'What's happening in Quebec City?': Car belonging to head of mosque torched
Arson occurred on Aug. 6, just 36 hours after city announced land sale for Muslim cemetery
A car belonging to the head of the Quebec City mosque where six men were shot to death in January was set on fire in early August.
Police have yet to arrest anyone in connection with the arson, which happened around 1:30 a.m. on Aug. 6 outside Mohamed Labidi's home.
The car was a total loss.
The vehicle was torched about 36 hours after Labidi appeared alongside Quebec City Mayor Régis Labeaume to celebrate the sale of city-owned land to the Muslim community for the creation of a cemetery.
Speaking to reporters Wednesday afternoon, Quebec City police spokesperson Lieut. Jean-François Vézina said the fire is a concern and noted the "accumulation" of incidents targeting the city's Muslim community.
"We're taking this seriously," he said. "We want to find the reasons that led to this criminal act."
Still, Vézina said it was too soon to say whether the arson amounts to a hate crime. He said there was no message left at the scene to indicate a motive.
As to why police kept the incident from the public until now, Vézina said it was done in the interests of both the Labidi family and the police investigation.
He added that it was vital that the public assist police in their investigation of the crime, and others like it.
"[Police] can't work alone in this city, citizens have to share information and contact us when they see anything," he said.
Excrement thrown at mosque shortly after car was torched
In a statement posted to its Facebook page, the Quebec Islamic Cultural Centre, which Labidi heads, said excrement was also thrown at the mosque's front door a few days after Labidi's car was torched.
"These are no longer simple gestures of extremists opposed to immigration. Extremists acts are now affecting our lives, the lives of Quebec citizens and Canadian Muslims, as well as our property and our religion," the statement said.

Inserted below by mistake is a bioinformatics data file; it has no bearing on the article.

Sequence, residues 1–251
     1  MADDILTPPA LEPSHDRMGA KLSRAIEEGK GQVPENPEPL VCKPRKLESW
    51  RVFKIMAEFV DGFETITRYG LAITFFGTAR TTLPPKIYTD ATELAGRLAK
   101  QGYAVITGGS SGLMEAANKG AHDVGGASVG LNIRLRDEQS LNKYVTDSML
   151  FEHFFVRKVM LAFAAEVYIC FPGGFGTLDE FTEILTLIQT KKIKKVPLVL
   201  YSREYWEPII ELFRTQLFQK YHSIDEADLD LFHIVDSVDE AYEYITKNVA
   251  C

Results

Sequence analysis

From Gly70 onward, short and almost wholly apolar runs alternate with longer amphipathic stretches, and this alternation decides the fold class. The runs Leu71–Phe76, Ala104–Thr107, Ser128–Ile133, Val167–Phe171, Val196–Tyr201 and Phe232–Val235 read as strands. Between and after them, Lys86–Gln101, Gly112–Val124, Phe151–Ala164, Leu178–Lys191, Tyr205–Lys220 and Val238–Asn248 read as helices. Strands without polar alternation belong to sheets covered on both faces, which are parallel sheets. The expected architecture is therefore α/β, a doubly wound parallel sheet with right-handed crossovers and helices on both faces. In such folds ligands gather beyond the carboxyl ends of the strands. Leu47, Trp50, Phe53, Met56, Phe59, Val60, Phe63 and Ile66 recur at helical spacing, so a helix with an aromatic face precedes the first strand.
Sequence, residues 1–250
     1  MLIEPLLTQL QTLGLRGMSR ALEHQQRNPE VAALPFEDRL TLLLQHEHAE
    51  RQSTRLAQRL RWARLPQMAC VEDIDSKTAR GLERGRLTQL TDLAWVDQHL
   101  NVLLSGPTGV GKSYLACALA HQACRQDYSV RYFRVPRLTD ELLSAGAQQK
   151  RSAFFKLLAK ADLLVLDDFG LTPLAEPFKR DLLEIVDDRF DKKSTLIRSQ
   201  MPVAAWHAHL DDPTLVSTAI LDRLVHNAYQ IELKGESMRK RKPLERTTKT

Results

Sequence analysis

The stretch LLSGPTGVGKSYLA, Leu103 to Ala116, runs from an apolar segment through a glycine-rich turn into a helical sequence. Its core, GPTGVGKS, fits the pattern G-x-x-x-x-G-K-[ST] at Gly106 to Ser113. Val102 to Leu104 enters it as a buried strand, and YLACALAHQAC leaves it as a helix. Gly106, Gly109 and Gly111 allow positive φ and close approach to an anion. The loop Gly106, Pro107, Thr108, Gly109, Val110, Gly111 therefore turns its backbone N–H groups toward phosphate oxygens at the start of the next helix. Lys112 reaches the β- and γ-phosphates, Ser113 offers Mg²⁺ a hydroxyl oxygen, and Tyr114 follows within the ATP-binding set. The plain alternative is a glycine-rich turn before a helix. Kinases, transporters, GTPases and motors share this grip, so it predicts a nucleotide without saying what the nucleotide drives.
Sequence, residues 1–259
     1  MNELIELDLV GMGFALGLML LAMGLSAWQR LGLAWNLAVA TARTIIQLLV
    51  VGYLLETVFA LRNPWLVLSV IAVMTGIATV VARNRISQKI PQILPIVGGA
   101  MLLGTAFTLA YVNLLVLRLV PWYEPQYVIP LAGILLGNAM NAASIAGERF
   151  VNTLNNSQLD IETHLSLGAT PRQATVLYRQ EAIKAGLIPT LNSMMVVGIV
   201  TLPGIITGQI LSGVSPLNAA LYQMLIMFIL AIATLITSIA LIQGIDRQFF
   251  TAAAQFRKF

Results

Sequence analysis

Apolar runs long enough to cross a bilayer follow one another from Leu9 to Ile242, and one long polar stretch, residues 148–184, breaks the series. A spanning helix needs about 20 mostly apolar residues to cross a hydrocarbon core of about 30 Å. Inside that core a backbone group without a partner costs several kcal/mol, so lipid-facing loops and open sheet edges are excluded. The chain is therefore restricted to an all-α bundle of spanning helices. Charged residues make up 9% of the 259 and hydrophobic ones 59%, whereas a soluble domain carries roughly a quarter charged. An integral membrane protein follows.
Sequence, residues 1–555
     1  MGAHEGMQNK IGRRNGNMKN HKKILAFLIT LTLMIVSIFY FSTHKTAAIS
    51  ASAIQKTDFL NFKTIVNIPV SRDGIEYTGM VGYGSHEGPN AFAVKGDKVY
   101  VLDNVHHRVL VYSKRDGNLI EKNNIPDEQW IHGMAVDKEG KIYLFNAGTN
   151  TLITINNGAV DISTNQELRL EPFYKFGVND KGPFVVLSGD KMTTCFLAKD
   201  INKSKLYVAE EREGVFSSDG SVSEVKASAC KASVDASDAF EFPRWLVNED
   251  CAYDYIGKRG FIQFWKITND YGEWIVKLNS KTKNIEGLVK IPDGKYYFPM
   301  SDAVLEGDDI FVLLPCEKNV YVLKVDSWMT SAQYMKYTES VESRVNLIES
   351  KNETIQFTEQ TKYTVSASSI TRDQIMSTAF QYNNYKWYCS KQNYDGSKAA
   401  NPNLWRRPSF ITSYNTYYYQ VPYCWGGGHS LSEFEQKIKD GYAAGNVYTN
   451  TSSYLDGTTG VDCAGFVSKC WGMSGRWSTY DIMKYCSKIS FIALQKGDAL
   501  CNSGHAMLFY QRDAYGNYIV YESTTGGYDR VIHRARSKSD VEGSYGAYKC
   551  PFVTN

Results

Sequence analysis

Last year, a gift-wrapped pig's head was left at the doorstep of the mosque, and a defaced Qur'an and a hateful note were mailed to the mosque in July.
On Jan. 29, six men were killed and five others injured in a shooting rampage that happened right after evening prayers at the mosque. Alexandre Bissonnette, 27, faces six counts of first-degree murder and five counts of attempted murder while using a restricted firearm in the attack.
- Defaced Qur'an, hateful note sent to Quebec City mosque where January shootings occurred
- Pig's head left outside Quebec City mosque with 'bon appétit' note
The centre said the people and governments of Quebec and Canada have to start taking far right groups in Quebec City more seriously and dedicate the resources necessary to fight hateful acts.
"These acts are only growing in number against Muslim citizens," the centre's statement said. "They are multiplying and becoming more serious."
Mohamed Oudghiri, a member of the Quebec City mosque, said the incident has left its worshippers shaken.
"We're asking ourselves 'what's happening in Quebec City?" he said. "Quebec City used to be peaceful, there were no problems here."
Oudghiri has lived in Quebec City for 49 years, he said, and no longer considers himself an immigrant, but a Québécois.
Nonetheless, he said the discourse around immigrants in Quebec is creating a situation that he described as "really hard, really dark" and it's making Muslims fear for their safety as they go about their daily lives.
"The mosque is supervised [by police], but the people are not when they go to the market," he said.
To opponents of the Muslim community among far right groups in Quebec City, Oudghiri encouraged those in far right groups to get to know their Muslim neighbours.
"We're in the same country, and this country is for everybody," he said. "[They] have to consider us as one of them, and we love them."
'A hateful act,' says Labeaume
Quebec City's mayor expressed concern Wednesday over the increase in incidents targeting the mosque and the city's Muslim community.
"They're adding up, and they can't become a pattern," Regis Labeaume said. "It's very worrisome."
Labeaume said such an act is not representative of the city he leads.
"Quebec is an open city, where everyone has the right to live together in safety and respect," Labeaume said, adding that the arson went against the values of respect for individual rights and diversity.
"These are our neighbours, and we love them, and we'll do everything that is possible and useful to ensure they can live in peace in their city."
Benjamin Ducol, of Quebec City's anti-radicalization centre, said the various incidents targeting the city's Muslims have left the community feeling isolated and vulnerable.
"The community has good reason to feel threatened because these events are repeating themselves — they're not isolated events," he said.
With files from Radio-Canada's Cathy Senay and CBC's Alison Northcott